CPDS Home Contact Professionalism: Chronological Summary

Email sent 14/10/07

Mr Paul Kelly,
The Australian

Political and Public Service Reform: Tell him he's dreamin'

Your recent article ('Rudd's mantra: serve public, not political interests', The Australian, 3/10/07 - which I have outlined below) detailed Mr Rudd's proposals for restoration of the spirit of Westminster political traditionalism, and of the independence and expertise of the Public Service.

There is no doubt that the federal government has abused those traditions to some extent with adverse consequences for the effectiveness of government.

However, in doing so it has merely followed the example of various state governments (notably the Goss administration in which Mr Rudd had a prominent role). Thus Mr Rudd's rhetoric about the ALP's intended reforms, which sounds remarkably like that of the Goss Government, suffers something of a credibility problem. Reasons for this are detailed further below.

May I suggest, in the famous words of Darryl Kerrigan, that someone 'tell him he's dreaming'.


John Craig

Comments on Your Article: 'Rudd's mantra: serve public, not political interests'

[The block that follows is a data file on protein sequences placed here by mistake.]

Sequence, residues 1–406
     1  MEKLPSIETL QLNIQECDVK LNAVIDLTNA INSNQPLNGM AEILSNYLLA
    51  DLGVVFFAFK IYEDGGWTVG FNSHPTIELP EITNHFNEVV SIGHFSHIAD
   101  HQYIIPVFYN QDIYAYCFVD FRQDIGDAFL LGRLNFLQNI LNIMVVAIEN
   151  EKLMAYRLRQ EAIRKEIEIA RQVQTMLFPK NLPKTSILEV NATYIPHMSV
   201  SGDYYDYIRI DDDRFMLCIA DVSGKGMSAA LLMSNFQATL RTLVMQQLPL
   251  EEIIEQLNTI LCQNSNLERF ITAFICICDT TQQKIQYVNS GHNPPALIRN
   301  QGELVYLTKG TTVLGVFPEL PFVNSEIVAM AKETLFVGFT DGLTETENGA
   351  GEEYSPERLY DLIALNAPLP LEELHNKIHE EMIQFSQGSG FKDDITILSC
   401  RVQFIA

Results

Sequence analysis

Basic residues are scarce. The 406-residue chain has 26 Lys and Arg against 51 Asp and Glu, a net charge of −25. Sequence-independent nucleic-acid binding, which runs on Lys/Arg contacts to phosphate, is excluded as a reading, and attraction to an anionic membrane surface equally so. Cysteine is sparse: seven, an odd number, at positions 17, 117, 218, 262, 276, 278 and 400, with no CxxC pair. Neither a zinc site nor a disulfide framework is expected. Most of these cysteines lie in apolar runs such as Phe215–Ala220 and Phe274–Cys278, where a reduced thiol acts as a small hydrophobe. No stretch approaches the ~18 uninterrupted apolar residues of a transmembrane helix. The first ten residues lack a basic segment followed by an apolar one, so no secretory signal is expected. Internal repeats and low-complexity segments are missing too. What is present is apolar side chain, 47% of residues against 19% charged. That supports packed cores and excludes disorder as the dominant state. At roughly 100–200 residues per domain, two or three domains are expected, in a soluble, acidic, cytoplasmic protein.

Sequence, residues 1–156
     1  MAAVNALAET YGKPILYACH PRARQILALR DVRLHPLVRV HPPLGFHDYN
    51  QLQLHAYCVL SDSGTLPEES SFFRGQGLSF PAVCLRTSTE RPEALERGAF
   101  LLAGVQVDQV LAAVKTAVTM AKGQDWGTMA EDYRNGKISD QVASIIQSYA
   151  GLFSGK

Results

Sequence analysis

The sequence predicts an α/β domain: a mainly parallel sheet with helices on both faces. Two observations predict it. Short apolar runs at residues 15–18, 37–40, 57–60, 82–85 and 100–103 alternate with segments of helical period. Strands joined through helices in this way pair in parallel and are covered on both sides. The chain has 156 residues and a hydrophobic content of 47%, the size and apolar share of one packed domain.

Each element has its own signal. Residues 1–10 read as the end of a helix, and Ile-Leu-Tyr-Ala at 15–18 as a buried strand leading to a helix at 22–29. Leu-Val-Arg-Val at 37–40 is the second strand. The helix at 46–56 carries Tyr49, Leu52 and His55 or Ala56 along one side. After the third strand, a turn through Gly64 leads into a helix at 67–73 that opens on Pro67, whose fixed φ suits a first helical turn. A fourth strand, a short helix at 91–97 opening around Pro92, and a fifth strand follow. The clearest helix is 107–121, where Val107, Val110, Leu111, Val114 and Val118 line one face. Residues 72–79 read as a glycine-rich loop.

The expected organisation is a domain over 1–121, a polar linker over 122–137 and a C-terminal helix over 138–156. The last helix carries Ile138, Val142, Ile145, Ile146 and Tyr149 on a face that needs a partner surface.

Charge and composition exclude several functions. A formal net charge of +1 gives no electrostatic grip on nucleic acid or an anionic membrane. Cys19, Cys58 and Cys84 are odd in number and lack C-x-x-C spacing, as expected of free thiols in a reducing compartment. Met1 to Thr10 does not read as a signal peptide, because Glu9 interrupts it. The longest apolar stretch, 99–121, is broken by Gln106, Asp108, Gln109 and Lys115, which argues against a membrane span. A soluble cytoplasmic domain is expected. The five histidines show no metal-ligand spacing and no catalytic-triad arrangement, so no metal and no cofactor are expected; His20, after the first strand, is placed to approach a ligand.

My interpretation of your article: Labor wants to entrench independent and impartial experts in the bureaucracy. A key to Kevin Rudd's outlook as potential PM is his history as a public servant. From the time he left university until 1998 Rudd essentially worked as a public servant. This shaped his philosophy on public administration and the need for strong cabinet coordination of executive government. This background instilled: a spirit of Westminster political traditionalism; high expectations of the public service as a source of advice; and a commitment to strong coordination of the executive - a task he fulfilled for Queensland premier Goss. Rudd spoke of the need to entrench independent, impartial advice and the capability to provide this fearless advice. The present federal government aligns the policy role of the public service with the political interests of the government. Rudd repudiates the idea of a night of the long knives as when Howard came to power in 1996 and 6 Commonwealth permanent heads lost their jobs. ALP would retain contract system for permanent heads, but increase term to 5 years. ALP's shadow minister for public administration (Penny Wong) argues that the goal is to shift the balance from responsiveness back to impartiality. Andrew Podger argues that the system has moved too far to responsiveness. Rudd has a mantra - a restoration of ethics and professionalism in the public service. Rudd proposes to shift cabinet policy unit back from PM's office to his department. Rudd believes there is a need for a functional delineation between ministerial offices and public service. Rudd wants to renew the public service culture - but this requires high standards of advice. Quality controls would be imposed on the public service that might shock some people. The shock in Brisbane was profound. Rudd would rely on two instruments for organising government - cabinet and his department. Rudd's department would become the focus of coordination not just amongst federal departments but with state governments given high priority. Ministerial staff numbers would be cut. (Kelly P., 'Rudd's mantra: serve public, not political interests', Australian, 3/10/07).